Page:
Hong Kong has historically been a gateway to China. Despite the rise of major financial and trading centers in the mainland (Shanghai, Shenzhen, Beijing, Guangzhou etc.), the city has remained attractive for foreign companies expanding into the region because of its free market system, clean government, low taxes, world-class infrastructure, skilled workforce and international lifestyle, among other advantages.
For China residents, especially foreign nationals, incorporating in Hong Kong has always been a very strong alternative to setting up a business in a mainland Chinese city, where start-up. Consulting and trading are two areas where using Hong Kong has become a trend.
Consultants in China can use their Hong Kong company to bill their customers, both in China and overseas. For their China customers, providing services as company would definitely be better perceived than doing it as an individual. For international clients, one can provide China-related consulting services by using a Hong Kong company, which technically is part of China, without the price tag that comes with incorporating in mainland China.
Sole traders living in China can use a Hong Kong company to receive payments from international clients and pay their Chinese suppliers. Considering that China doesn’t tax offshore profits, and mainland China is considered offshore, this is a very attractive solution to conduct international trade without the need to rent and operate an actual office.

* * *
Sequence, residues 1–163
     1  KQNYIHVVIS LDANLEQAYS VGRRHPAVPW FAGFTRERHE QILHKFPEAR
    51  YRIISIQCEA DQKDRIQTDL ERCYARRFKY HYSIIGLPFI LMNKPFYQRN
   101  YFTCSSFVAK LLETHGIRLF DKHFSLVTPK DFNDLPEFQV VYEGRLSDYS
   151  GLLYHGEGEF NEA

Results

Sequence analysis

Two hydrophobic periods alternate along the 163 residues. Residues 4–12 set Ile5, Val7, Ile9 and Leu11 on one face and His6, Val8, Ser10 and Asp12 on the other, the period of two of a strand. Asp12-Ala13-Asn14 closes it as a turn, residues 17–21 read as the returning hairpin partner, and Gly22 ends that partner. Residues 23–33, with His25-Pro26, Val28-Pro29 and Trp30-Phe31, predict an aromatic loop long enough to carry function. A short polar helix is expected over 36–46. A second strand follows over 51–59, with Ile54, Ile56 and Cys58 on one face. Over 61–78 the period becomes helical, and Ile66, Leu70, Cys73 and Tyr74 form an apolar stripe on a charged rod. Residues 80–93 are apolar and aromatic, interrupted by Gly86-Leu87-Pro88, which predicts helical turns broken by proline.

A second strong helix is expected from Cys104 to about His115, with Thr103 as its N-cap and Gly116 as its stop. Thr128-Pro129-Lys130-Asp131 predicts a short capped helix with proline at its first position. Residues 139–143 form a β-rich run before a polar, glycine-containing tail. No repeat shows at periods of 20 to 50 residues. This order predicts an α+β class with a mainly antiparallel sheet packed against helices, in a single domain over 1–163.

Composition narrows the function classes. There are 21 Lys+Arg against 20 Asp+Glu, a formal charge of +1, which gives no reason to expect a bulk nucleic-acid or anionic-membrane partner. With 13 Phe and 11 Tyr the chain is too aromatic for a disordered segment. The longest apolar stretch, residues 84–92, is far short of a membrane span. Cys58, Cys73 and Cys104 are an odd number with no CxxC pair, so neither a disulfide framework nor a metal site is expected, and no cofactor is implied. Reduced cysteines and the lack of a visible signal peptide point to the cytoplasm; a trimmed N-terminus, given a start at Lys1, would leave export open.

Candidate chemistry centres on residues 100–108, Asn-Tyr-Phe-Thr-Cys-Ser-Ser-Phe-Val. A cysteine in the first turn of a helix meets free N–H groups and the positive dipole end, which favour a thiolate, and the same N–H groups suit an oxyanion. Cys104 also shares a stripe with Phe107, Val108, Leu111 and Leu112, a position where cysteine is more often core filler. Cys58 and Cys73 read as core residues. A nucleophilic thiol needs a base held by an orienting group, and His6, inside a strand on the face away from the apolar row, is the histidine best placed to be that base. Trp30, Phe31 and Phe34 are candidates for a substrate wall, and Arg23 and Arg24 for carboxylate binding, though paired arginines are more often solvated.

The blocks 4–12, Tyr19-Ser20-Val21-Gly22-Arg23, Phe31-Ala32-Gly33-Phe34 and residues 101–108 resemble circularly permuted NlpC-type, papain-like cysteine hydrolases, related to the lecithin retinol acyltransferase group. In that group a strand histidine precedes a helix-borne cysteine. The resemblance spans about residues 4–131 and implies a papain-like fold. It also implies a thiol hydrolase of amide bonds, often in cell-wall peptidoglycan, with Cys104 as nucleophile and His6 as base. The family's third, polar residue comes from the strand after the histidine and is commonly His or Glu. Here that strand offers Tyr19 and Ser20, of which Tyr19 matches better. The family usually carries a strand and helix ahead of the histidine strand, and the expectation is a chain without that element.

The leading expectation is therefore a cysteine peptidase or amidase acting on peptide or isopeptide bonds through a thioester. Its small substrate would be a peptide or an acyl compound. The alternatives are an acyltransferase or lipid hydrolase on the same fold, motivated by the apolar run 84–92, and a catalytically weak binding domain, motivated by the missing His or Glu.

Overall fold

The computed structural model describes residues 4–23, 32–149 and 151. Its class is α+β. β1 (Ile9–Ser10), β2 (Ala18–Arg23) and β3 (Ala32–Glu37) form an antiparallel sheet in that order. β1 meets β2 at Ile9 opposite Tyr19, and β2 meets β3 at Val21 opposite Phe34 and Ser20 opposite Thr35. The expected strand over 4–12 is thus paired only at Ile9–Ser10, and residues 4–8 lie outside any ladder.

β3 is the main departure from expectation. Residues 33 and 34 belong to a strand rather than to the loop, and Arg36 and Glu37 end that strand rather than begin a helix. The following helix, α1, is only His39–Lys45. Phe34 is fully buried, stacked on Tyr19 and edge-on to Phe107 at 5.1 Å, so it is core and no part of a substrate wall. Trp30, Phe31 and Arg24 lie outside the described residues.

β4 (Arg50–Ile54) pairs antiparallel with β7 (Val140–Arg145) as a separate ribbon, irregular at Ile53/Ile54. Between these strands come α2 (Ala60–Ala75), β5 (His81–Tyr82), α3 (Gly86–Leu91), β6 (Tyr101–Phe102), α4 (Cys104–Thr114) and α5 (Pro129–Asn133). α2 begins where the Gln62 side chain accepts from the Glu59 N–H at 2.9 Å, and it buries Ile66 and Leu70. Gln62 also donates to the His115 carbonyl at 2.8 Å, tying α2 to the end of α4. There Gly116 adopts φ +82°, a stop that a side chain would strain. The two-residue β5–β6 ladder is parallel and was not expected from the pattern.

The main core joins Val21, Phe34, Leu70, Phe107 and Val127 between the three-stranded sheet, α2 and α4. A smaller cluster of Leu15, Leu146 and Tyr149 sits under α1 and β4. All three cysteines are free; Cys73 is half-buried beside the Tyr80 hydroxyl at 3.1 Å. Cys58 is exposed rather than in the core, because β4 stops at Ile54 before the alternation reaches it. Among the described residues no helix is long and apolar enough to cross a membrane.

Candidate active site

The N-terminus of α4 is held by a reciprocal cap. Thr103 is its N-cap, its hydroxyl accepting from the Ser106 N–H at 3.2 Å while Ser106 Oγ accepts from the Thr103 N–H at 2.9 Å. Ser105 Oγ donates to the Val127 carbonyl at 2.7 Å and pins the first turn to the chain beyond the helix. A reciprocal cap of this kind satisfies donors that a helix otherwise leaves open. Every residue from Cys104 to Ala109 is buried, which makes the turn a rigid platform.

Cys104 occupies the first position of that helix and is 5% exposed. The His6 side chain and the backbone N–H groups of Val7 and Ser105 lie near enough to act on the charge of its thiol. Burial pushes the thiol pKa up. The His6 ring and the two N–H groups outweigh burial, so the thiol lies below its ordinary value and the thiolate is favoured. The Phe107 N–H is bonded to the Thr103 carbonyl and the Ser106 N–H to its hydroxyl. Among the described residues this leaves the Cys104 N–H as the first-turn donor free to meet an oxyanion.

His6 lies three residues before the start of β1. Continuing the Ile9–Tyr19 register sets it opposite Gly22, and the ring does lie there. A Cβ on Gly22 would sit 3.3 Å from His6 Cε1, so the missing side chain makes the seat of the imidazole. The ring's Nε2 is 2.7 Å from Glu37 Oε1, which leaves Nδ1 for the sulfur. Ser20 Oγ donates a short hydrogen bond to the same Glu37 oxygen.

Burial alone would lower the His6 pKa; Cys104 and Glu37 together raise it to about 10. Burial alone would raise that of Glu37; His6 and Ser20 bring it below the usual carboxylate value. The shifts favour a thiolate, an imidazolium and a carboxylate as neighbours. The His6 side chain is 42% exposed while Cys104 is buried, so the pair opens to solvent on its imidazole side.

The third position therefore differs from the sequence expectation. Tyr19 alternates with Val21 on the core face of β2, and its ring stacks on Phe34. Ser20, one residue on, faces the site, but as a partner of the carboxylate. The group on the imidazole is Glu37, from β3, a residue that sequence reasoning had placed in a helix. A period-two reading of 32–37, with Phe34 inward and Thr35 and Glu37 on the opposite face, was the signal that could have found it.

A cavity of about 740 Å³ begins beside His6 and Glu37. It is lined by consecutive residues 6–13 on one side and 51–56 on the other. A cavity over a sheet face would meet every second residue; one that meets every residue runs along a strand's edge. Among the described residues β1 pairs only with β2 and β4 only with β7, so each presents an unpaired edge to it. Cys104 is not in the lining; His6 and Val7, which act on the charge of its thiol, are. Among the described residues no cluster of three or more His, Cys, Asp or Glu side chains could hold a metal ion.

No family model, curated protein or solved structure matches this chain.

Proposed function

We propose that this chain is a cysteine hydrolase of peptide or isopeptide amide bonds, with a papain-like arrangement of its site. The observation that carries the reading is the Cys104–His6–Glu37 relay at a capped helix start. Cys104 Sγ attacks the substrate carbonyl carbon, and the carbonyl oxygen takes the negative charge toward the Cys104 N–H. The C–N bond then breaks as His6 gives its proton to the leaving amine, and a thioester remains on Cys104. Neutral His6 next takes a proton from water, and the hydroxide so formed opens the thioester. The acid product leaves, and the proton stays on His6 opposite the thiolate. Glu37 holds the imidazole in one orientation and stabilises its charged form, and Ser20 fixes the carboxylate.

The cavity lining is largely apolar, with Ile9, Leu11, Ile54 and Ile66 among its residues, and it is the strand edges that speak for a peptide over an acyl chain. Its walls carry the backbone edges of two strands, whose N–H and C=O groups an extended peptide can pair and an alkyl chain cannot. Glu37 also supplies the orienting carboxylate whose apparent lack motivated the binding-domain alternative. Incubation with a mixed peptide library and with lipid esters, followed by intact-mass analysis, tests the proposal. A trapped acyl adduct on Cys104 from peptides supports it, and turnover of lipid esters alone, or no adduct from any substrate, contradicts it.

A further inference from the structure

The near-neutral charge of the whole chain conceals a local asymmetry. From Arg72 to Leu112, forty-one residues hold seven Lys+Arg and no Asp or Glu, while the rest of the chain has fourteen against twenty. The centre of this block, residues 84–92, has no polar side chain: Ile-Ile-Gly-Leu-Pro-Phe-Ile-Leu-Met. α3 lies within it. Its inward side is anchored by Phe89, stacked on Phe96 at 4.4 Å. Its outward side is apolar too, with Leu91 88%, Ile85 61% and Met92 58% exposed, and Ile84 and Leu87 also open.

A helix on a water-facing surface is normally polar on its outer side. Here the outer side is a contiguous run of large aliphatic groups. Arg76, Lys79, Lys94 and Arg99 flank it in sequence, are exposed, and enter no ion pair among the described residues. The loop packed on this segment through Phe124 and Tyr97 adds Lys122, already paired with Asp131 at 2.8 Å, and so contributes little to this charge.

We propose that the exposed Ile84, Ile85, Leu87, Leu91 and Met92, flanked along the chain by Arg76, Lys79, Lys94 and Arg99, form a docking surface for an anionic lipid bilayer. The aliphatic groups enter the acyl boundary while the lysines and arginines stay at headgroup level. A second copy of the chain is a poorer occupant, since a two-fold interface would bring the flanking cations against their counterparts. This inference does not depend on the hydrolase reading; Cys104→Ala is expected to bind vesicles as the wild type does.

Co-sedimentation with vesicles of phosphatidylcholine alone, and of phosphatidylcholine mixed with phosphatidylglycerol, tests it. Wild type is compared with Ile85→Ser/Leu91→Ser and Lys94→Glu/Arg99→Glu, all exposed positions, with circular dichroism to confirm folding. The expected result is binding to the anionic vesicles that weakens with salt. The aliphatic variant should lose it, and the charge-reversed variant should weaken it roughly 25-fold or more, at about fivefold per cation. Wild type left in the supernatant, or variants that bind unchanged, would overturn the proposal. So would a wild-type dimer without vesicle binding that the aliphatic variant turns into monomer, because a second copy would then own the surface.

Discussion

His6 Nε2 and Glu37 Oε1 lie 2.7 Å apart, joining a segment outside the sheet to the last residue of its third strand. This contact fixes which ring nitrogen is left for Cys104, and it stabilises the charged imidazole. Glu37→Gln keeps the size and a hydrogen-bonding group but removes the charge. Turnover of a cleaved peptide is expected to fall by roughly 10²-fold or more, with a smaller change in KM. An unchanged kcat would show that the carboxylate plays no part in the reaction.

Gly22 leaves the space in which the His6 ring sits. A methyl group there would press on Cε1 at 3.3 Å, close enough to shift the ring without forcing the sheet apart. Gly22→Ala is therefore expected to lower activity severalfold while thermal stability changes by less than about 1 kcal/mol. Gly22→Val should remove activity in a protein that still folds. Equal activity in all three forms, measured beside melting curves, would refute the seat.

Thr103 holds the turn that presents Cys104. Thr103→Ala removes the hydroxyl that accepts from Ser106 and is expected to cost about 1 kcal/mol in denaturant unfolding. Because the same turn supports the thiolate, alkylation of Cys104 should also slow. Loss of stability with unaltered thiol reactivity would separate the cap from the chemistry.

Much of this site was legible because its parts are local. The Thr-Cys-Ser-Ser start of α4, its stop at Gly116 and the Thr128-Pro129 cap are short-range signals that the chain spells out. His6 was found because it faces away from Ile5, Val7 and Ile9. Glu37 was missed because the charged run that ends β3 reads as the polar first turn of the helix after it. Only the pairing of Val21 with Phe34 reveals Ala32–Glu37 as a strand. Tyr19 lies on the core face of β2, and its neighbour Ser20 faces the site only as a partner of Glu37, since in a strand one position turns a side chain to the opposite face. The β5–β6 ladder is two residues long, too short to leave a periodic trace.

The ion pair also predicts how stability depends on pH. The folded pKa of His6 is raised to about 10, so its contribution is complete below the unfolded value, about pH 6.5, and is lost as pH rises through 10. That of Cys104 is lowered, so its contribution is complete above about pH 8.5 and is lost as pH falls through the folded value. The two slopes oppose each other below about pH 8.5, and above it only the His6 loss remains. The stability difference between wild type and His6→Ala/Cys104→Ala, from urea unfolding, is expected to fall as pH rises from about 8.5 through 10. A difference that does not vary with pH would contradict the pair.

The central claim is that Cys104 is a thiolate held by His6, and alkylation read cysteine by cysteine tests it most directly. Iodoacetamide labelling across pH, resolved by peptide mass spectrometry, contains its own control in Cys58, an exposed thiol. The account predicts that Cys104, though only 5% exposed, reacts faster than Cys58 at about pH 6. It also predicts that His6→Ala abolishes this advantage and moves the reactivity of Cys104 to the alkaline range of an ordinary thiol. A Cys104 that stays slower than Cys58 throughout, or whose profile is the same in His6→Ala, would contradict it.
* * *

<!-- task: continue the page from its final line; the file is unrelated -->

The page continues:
There are disadvantages for using Hong Kong companies to operate in China however. The first one would be the inability to receive RMB payments and bill your Chinese customers in RMB. Indeed, Chinese firms and individuals will require in most cases to pay in Chinese Yuans (or RMB, the official currency), and will need an official tax receipt (“fapiao”) to justify their expenses in their accounting records. A Hong Kong company is legally a foreign company in mainland China and as so is not able to issue such invoices. Furthermore, Chinese Yuans/RMB cannot be sent from mainland China to your Hong Kong company bank account, meaning the need for your customers to change their money into USD/HKD first which can be a burden.
Another disadvantage would be the visa and other tax/legal issues if you live in China. As we said earlier, a Hong Kong company is considered a foreign company in China and as does not entitle the owner for a residence permit in mainland China. In face of the increasing tightening of the visa regulations in mainland China, this may mean frequent trips to Hong Kong or even to your home country. This can be solved however when you set up a representative office for your Hong Kong company in a Chinese city.
We register Hong Kong companies for USD1,200 only. Feel free to contact us for more information or to receive the application form. Only a passport copy is required and the whole procedure can be completed within 15 days.